Goodfellas has become a classic and rightfully so. Here is a movie in which there’s an intelligent script which is based on a true story with powerhouse acting and tight directing. On every front the movie excels. From the minute the movie starts the voice-over by Liotta, playing the lead-role of Henry Hill on which, grabs you by the throat and drags you into a world why will attract you without a doubt but, as was commented on in the supplements, is also a world in which people don’t have a long life-span. Yet every day people enlist into that world and Henry Hill was one of them.
Henry Hill, half Italian, half Irish, runs small errands for the local mob. Attracted to them due to their lifestyle and power he is hypnotized by their world. They like him and from errands it’s just a small step to thefts and drugs. So he, together with pure-bred gangster Tommy, slowly move up in the hierarchy of the mob. Like Scarface this movie deals with the rise and fall so it’s not all glamorizing the gangster lifestyle here. This movie ranks with The Godfather parts I and II and Scarface as the best gangster movies ever made. The story is simply gripping and I see no way the movie could’ve been made any better. It all falls into place like a carefully constructed piece and everything’s just right. If I have to make a remark it would be the acting of Liotta. Now, this was his breakthrough role but at one point, the infamous “how am I funny scene” Liotta acts as he’s laughing at Pesci but it felt fake to me. But that’s just nitpicking because the rest of the movie is his show even if he doesn’t get top billing. Sure DeNiro and certainly Pesci do some powerhouse acting but it’s Liotta’s Henry Hill who’s life we follow and thus the movie rests on his shoulders. Without a good performance from him it would collapse. His rise and fall is captivating, his story interesting and surprising. The most remarkable of all is a scene where he is in prison and he’s sharing a room with his mob-buddies and due to their connections it feels nothing like a prison.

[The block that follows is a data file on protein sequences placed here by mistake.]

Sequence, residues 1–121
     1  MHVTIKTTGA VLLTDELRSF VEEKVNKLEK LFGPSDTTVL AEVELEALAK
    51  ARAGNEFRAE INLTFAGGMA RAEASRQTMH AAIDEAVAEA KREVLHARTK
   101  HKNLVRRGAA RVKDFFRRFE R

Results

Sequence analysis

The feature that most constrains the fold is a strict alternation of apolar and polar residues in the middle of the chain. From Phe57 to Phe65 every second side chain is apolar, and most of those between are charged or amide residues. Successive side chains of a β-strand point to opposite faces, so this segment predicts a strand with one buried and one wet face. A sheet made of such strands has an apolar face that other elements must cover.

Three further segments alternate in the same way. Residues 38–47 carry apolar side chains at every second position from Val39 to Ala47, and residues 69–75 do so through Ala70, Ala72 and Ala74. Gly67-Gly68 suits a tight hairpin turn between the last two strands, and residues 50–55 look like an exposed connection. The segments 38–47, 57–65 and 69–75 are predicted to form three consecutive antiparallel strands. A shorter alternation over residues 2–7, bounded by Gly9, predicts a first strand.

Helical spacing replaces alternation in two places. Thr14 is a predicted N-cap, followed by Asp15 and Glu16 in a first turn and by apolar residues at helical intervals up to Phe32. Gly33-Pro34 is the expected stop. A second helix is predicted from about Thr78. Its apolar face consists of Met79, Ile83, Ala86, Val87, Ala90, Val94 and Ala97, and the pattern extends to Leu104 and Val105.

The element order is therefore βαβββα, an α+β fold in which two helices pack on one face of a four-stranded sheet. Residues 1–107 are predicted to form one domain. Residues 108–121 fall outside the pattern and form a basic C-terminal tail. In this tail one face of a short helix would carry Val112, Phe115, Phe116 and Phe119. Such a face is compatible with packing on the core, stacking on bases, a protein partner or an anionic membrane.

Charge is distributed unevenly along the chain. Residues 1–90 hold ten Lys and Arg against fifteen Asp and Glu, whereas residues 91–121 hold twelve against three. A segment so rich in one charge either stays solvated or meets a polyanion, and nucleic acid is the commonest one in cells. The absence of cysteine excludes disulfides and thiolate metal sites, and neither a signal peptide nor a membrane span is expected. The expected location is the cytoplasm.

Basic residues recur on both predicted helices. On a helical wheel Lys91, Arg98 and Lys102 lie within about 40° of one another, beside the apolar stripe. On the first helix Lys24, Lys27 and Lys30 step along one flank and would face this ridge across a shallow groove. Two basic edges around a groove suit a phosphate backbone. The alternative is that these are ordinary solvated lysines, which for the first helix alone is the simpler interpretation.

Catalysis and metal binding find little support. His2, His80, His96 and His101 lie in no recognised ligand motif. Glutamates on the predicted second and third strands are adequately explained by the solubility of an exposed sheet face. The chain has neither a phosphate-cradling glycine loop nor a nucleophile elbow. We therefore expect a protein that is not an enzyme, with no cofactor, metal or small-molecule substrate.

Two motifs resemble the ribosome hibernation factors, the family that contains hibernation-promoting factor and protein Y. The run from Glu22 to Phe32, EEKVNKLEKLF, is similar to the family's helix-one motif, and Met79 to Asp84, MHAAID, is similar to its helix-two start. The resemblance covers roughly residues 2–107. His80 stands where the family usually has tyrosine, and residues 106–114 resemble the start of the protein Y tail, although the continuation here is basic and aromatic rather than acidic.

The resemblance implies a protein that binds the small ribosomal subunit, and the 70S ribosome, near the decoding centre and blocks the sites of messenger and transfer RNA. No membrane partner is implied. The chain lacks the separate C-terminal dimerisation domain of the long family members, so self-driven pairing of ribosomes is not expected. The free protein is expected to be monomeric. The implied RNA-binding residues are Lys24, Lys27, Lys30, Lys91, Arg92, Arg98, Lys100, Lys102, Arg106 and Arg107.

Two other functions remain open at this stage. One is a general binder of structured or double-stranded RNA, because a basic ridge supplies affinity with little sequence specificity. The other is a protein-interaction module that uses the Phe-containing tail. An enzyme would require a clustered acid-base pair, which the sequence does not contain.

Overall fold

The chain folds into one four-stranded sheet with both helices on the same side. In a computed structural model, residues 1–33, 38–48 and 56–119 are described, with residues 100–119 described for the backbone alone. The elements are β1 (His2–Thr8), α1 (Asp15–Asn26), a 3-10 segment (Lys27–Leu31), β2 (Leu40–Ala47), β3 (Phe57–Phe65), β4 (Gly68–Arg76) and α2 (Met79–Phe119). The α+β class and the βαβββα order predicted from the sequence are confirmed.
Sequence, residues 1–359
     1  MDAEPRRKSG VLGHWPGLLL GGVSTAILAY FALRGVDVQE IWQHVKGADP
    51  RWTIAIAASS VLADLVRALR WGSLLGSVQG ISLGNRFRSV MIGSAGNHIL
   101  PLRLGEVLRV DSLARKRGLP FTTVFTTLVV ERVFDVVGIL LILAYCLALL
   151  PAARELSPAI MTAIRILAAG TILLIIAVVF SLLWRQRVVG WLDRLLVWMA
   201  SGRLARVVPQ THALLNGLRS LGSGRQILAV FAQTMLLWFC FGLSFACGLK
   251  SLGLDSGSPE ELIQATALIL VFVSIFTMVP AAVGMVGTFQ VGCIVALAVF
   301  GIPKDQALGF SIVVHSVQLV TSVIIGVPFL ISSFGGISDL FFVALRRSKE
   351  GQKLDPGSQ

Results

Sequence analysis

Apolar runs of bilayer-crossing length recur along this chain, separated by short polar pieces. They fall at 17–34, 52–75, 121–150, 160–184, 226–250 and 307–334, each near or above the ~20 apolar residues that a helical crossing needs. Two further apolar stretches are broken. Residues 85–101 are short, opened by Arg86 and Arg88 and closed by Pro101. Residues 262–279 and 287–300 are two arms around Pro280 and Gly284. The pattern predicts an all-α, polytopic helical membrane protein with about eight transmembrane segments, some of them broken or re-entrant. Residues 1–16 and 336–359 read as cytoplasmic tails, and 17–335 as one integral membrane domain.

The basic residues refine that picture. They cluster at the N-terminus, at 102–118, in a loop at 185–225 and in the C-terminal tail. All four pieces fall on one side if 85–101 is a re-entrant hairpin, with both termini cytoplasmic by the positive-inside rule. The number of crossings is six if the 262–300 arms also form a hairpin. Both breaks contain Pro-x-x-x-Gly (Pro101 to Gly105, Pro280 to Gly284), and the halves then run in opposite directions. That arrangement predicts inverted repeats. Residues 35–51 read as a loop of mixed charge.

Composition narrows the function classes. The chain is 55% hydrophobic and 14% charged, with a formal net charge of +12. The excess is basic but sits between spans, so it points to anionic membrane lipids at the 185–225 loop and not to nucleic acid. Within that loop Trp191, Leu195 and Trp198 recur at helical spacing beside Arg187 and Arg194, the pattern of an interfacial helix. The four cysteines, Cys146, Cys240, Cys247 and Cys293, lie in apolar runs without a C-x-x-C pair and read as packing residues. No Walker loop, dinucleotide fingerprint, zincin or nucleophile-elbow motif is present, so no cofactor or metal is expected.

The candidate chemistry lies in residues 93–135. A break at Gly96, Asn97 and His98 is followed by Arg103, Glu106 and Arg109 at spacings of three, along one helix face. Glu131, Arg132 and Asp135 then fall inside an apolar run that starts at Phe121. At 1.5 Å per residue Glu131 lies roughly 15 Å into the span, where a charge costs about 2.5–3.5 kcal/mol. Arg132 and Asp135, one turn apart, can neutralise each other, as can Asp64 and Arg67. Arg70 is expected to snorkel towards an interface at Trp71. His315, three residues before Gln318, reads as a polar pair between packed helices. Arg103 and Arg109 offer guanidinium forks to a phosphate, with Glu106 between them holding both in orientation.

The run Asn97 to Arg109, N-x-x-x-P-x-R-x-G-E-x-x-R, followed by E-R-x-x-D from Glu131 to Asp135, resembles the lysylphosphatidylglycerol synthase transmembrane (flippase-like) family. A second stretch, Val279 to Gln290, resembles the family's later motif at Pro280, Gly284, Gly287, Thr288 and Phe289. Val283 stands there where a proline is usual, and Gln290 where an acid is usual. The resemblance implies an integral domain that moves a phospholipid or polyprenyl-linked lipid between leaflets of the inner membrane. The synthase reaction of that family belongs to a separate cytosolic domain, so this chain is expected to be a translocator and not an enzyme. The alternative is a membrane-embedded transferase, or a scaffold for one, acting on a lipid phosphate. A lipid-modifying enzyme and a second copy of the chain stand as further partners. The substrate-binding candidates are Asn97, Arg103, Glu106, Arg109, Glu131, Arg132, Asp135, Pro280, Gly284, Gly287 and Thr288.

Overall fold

Now completing Liotta are DeNiro and Pesci. For Pesci this movie vaporized anybodies memories of his appearance in the Michael Jackson egotrip Moonwalker in which Pesci walked around shouting while having a dildo on the back of his head. Too bad for Pesci he would appear the same year in Home Alone. But his role is memorable as he’s actions are simply over the top but somehow realistic. The aforementioned “how am I funny scene” is just one of them. Pesci is full of energy here and his character constantly sets things in motion with his relentless behavior. Now the yang of Pesci’s ruthless yin comes from DeNiro. He acts in a subdued manner, in some cases he doesn’t even talk but lets his eyes do all the acting.
Now what must be mentioned is the direction of Scorsese. In the first half when Liotta has got some respect and power there’s a long tracking shot in which we follow him from the outside of a nightclub through the side-entrance, through different corridors, eventually reaching the main area where a table is being brought in and dressed especially for him. There are tons of small details taken into account, certain shots which enrich the movie. At one point near the end Liotta out of nowhere breaks the fourth wall and gets away with it. If you’re an aspiring director it would be wise to analyse Goodfellas frame by frame.
Goodfellas is a classic, nothing more, nothing less.